At this busy (and often noisy!) time of year, guest blogger Lydia Wilkins (right in picture) gives us an insight into how her love of stationery helps her to cope with Asperger’s at this potentially overwhelming period in the calendar.
Back in early 2015, I was diagnosed with Asperger’s Syndrome. This wasn’t a surprise to be honest; as a child I struggled with filtering noise, hated being in a classroom, could be often be found fixating on one particular topic and didn’t have a lot of friends. The list was endless.
What was obvious then, as it is now, is my love of stationery. Indeed, I used to collect notebooks to a point where it became a running joke that I should have a “notebook of notebooks” so that I had something to tell me where all my other notebooks were! Stationery brought a sense of order to my world and this is something that I find very calming.
This need for order and calm is especially evident at Christmas time when all around is chaos - carols blaring in shops, lights flashing and every sort of gingerbread to consume! My friends and family often ask me what it is that I write and plan in my notebooks to I thought I would share a little insight by explaining how I use my Say Nice Things stationery to better organise my life, as well as manage my condition.
Surely the clue is in the name, right? This is the notebook set that it’s essential to have! With the various sizes of notebook, there is something for everyone; from the person who takes their notebook everywhere in their handbag to the person who brandishes their notebook almost like a ring binder.
The notebook itself is divided into two sections; one is lined and the other has boxes. Spiral bound, it’s easy to navigate, and can be used a simple jotter. Personally, I use mine to plan anything ‘logistical’ - the list of cards I need to send people, what gifts to buy, the seasonal content I’m planning on my blog [link here], what Christmas events to attend and what what markets are happening. The boxes are also helpful as a daily to-do list.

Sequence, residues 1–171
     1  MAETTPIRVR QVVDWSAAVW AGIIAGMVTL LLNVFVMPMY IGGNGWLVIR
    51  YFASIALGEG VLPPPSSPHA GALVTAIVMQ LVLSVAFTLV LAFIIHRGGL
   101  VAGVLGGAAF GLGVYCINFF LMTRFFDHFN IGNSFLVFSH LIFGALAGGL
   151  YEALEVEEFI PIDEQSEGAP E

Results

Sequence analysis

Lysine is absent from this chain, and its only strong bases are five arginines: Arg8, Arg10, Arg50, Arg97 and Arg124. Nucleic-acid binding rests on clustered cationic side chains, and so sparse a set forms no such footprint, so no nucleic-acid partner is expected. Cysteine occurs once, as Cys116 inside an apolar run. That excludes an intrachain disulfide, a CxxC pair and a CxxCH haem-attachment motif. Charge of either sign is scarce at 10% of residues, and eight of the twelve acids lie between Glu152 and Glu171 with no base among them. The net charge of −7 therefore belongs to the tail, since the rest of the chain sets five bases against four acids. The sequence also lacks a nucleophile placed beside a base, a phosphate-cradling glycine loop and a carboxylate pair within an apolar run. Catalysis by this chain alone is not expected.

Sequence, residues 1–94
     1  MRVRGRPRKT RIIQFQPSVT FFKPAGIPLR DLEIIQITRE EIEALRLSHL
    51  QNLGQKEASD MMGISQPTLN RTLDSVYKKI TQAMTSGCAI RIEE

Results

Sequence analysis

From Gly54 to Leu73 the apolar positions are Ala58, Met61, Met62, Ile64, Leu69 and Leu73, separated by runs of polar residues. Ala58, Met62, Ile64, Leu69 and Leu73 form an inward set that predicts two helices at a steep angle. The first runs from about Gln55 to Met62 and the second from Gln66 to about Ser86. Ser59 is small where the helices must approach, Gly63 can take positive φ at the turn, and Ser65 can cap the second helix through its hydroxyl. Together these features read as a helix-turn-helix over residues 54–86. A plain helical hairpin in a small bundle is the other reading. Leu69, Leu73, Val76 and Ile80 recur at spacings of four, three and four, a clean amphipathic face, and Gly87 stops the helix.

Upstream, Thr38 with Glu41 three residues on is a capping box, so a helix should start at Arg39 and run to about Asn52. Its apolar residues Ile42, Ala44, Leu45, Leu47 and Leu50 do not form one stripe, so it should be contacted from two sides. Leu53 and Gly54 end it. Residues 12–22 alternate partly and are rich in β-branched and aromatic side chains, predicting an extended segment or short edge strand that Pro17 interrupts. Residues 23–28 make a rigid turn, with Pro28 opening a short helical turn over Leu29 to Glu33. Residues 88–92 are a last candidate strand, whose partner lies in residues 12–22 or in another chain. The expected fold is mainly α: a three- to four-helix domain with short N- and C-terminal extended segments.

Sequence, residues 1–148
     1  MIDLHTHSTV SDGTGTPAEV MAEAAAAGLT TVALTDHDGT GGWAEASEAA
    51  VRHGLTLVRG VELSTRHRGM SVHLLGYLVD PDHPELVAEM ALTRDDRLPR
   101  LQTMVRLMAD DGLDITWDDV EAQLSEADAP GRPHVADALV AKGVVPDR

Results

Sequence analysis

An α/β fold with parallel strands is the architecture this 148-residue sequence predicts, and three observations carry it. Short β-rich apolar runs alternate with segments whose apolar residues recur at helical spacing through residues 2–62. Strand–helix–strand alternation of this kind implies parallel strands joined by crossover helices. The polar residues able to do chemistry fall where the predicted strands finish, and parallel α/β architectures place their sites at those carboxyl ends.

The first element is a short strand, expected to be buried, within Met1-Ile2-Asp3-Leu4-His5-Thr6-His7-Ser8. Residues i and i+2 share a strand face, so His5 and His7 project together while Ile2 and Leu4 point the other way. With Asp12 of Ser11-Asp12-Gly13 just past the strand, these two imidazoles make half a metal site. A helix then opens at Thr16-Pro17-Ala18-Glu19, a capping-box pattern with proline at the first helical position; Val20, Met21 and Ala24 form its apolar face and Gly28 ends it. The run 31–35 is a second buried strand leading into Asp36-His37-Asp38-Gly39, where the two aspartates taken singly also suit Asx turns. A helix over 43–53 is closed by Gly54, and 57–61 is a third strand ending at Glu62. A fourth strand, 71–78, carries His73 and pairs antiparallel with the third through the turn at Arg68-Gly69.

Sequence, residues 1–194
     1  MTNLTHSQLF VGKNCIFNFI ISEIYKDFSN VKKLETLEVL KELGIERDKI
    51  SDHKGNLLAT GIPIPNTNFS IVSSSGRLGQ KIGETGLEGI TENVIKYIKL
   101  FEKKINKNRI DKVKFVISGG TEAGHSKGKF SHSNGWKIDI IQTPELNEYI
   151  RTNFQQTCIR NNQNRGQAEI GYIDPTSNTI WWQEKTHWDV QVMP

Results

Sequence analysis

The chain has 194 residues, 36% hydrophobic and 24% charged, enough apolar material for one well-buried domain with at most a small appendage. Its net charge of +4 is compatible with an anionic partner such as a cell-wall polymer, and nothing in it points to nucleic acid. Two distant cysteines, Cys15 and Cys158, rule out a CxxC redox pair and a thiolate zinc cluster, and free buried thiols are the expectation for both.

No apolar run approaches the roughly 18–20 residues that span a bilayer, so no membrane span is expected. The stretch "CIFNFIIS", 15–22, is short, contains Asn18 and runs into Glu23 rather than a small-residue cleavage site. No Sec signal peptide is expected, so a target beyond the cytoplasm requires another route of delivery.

Often when I’ve talked to (or even just observed) other Austistic people this year, the conversation has revealed how they may have been in denial about their diagnosis (the line of thinking was generally something approaching “society hates the label I have been given, so why would I want that?”).
It occurs to me that keeping a journal is actually a really positive way of dealing with this change. By writing down how we’re feeling it can make the processing of information easier to cope with. As SNT’s Jill Pinner says herself: a journal is the best self-help book you can read.
One of the things I sometimes find difficult to deal with is noise. The only way I can describe it is as having a lack of filter. For example, in a room you might hear the television and perhaps the doorbell; but I can hear the clock ticking, the creak of the windows, the dog shuffling around and other people as they move about on the sofa.
This, as you can probably imagine, can be overwhelming. Sometimes, I like to take myself away from noisy situations but this isn’t always possible. In this circumstances, writing really helps; whether it’s lists, notes or simply how I’m feeling - a notebook can be a big help me to filter.
Have a lovely Christmas everyone,
For more information, please head over to Lydia’s blog at: https://mademoisellewomen.com/
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